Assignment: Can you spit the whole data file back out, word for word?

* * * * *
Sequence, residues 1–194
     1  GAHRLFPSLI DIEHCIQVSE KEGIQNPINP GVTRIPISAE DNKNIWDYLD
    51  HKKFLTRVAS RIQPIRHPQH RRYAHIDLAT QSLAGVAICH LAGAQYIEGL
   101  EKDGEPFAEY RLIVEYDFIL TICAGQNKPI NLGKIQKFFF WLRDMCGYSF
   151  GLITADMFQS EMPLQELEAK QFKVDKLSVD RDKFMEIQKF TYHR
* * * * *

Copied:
Sequence, residues 1–194
     1  GAHRLFPSLI DIEHCIQVSE KEGIQNPINP GVTRIPISAE DNKNIWDYLD
    51  HKKFLTRVAS RIQPIRHPQH RRYAHIDLAT QSLAGVAICH LAGAQYIEGL
   101  EKDGEPFAEY RLIVEYDFIL TICAGQNKPI NLGKIQKFFF WLRDMCGYSF
   151  GLITADMFQS EMPLQELEAK QFKVDKLSVD RDKFMEIQKF TYHR